Dr. Attili then addressed the Israeli occupation’s exploitation of Palestinian natural resources and the resulting gender impacts, referring to his most recent paper entitled, “Palestinian Women’s Lives Under An Occupied Environment”.

The presentations were followed by a Q&A session, which touched upon the situation of rural women in the Occupied Palestinian Territories; responses to the COVID-19 pandemic; the increasing annexation of Palestinian territories by Israeli authorities in the West Bank; and the possibility of the International Criminal Court (ICC) to prosecute Israel as a mechanism to hold it accountable for violations of international human rights and humanitarian laws.

In his closing remarks, Sir Michael Lynk, UN’s Special Rapporteur on the Situation of Human Rights in the Palestinian Territory Occupied Since 1967, saluted the bravery of Palestinian women and girls who have been the forefront of national resistance through history. 

“No society in the world can achieve meaningful economic, social and political progress if barriers … are allowed to hold the full potential of women,” Lynk stated. 

Second secretary to the Permanent Mission to the State of Palestine in Geneva, Doa Nofal, also made a special intervention at the closure of the discussion.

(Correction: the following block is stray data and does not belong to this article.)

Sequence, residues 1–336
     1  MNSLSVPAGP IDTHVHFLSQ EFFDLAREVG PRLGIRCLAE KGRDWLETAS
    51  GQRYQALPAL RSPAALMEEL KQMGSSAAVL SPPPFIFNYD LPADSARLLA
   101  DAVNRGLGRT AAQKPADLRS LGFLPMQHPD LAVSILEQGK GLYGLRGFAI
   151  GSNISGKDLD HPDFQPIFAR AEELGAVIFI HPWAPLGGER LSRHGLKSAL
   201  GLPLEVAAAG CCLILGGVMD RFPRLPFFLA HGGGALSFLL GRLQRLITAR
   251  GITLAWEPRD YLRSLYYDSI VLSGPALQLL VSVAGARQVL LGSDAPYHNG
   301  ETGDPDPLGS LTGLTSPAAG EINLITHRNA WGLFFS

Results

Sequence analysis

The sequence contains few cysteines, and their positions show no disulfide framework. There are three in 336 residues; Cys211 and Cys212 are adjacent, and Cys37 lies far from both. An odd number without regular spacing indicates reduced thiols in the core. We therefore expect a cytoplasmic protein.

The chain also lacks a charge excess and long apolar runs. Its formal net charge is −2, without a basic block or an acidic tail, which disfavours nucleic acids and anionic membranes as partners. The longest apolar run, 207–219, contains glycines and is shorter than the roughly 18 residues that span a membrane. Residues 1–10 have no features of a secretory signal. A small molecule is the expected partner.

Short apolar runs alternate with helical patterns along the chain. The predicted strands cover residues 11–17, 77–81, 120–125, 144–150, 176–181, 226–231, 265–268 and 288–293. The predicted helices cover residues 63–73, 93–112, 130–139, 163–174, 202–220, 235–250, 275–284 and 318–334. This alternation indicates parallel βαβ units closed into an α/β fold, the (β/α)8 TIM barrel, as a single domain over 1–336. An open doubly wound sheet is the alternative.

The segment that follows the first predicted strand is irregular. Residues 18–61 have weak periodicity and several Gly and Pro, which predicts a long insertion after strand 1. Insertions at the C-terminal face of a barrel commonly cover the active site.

This webinar marks the first of three events that WILPF is supporting the GUPW with throughout 2021, including an Arria formula meeting on Palestine, and a side-event on the sidelines of the WPS annual debate in October.

If you missed our event, you can still watch it in Arabic on WILPF’s youtube channel; or you can read more of the event’s highlights on Twitter, using the hashtag #wps_in_palestine

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WILPF International Secretariat

WILPF International Secretariat, with offices in Geneva and New York, liaises with the International Board and the National Sections and Groups for the implementation of WILPF International Programme, resolutions and policies as adopted by the International Congress. Under the direction of the Secretary-General, the Secretariat also provides support in areas of advocacy, communications, and financial operations.

Melissa Torres